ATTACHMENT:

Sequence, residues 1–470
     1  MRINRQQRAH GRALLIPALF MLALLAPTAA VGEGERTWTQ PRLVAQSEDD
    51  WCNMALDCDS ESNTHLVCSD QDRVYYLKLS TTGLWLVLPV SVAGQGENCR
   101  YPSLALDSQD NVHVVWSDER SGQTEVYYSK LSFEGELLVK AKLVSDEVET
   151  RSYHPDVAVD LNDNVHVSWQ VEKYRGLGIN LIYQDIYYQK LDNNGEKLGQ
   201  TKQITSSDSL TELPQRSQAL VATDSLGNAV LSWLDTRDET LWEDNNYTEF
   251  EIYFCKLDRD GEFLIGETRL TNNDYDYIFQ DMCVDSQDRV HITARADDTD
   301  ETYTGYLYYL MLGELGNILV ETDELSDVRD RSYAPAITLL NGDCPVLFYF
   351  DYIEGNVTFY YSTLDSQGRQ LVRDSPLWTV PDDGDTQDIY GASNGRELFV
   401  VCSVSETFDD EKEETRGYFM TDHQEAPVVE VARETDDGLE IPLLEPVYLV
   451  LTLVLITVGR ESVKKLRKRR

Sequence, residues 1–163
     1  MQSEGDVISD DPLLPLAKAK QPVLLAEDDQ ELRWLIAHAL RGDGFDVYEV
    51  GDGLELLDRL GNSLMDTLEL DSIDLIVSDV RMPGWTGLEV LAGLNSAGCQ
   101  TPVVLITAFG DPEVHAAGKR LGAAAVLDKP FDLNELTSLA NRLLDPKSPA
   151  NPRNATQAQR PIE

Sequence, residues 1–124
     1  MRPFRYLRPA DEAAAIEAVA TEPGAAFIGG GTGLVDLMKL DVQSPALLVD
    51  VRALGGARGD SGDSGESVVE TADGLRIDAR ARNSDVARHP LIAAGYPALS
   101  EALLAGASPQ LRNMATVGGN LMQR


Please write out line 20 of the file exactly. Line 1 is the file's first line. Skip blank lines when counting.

   101  EALLAGASPQ LRNMATVGGN LMQR